How to actually pay for your wedding
You’re about to embark on a journey that will change the course of your life. In the short term, at least. No, we’re not talking about your actual marriage, but planning — and paying for — your wedding.
This will undoubtedly be the biggest and most expensive party you’ll ever throw, and while you want it to be memorable, saving up enough cash to pay for it all can seem daunting.
Thankfully, there are some tricks you can employ to lessen the stress of those looming expenses, and help you devise a plan to pay for them without going broke.
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Before you even start
Break down your total budget into digestible chunks by using some simple math, David Bach, founder and chairman of FinishRich Media and author of Smart Couples Finish Rich, said to The Knot. Take your total budget and divide it by the number of months you have before the big day. If that monthly number is too high, either reconsider your wedding date or start slashing things from the wedding plans that aren’t necessary.
Consider things like scheduling a date during wedding “off-season,” which are the months of January, March, April and November, when vendors and venues typically cost less. Also, while Saturday is the most popular party day, it’s also the most expensive. Sundays are cheaper for venues, and if you’re in need of hotel rooms, rates tend to be lower on Sunday through Thursday.
Crunch your numbers
Your number of guests, that is. Carmen Luk, owner and principal planner of Devoted To You Inc. wedding planning company, says your guest list is the most variable cost to your overall budget. Once you have a ballpark figure of how many people to expect, then you can allot money in your budget accordingly.
“Food and beverage will likely cost around 50 per cent of your budget,” she says. “Other variable costs that are ultimately dependent on your number of guests include wedding favours, invitations and decor.”
Give yourself ample time to save
Luk says 12 to 18 months should provide you with enough time to squirrel away money.
“Setting your wedding date a bit further away allows you to shop around for vendors and space out payments since the larger amounts are due closer to the wedding day,” she says. “However, I don’t recommend booking any vendors over 18 months in advance because you run a greater risk of losing your deposit if the vendor ends up going out of business.”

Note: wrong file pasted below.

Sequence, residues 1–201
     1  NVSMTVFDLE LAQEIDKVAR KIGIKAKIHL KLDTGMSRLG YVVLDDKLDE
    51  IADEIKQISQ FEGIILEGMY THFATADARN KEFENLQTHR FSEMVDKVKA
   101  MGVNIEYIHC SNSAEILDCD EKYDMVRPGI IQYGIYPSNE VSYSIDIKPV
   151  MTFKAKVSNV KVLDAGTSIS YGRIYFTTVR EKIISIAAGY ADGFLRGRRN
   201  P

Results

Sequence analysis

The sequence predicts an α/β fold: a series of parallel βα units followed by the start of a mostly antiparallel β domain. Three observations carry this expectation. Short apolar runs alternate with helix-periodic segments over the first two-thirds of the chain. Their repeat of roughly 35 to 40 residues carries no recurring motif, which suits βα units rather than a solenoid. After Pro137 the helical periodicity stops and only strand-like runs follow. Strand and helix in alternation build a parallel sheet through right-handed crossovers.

Plus, if you give yourself too much lead time, it can rule your life and saving for the wedding can end up supplanting other reasonable luxuries.
“People who have two-year engagements end up limiting themselves,” says Malvina Pelleriti, owner and lead coordinator of Brilliant Weddings. “For those two years, all they’re thinking about is saving for the wedding and it limits them from doing other things, like planning a little getaway or buying a new sofa.”
Where to cut costs
Look at your biggest budget determinant: the guest list.
“I talk to my clients about having a must-have list and a back-up list. The must-haves are the people you definitely want to invite. As their replies come in and people decline, you can send invitations to the back-up invitees,” Pelleriti says.
Other places where you can save money include the invitations and flowers. Pelleriti suggests setting up a wedding website where people can automatically RSVP, this way you’ll save anywhere from $500 to $700 on printing costs as well as on stamps. And consider weaving silk flowers into your floral arrangements — they look remarkably real and are a fraction of the price of fresh flowers.
“The cost of a wedding cake is based on how intricate you want the design to be. If you want a four-tier cake, you can have two tiers made of cake and two that are faux,” Pelleriti says. “The top two tiers are smaller, so have those made out of cake and have the two bigger ones made out of styrofoam. No one will know and it can save you about $300 on the total cost.”
Transportation is another place where you can scale back.
“Instead of hiring a limo that will cost you $1,000 or more, ask some of the bridal party members to drive,” Luk says. Or book an upscale rideshare like UberSelect.
You will have to make sacrifices
No matter what you’re saving for, building a nest egg takes sacrifice. Start by examining monthly memberships and subscriptions, and cut those first. That might mean having to cancel a gym membership, but personal training apps and virtual exercise classes make it easy to get in a good workout with few costs.
“Instead of buying your fancy coffee every day, try making your own coffee at home, and eat out less frequently,” Luk says. “These are small sacrifices, but the money you’ll save adds up quickly.”
At the end of the day, however, the biggest sacrifice you’ll make is time. And you need to be prepared for that, Pelleriti says.
“Couples need to know that planning a wedding will take time away from friends, families and even your partner,” she says. “It’s the most personal sacrifice and the biggest. But you know it’s going to be worth it.”
Think of ways to earn some extra money
If you or your partner do shift work, consider picking up some extra shifts and vow to put that money directly into your wedding fund. The same goes with freelancing.
“Selling items that you don’t need anymore online is a good way to make some extra cash and can also de-clutter your space,” Luk says. This comes with the dual benefit of adding to your budget while reducing the stress that comes with living in a messy or cluttered environment.
© 2017 Global News, a division of Corus Entertainment Inc.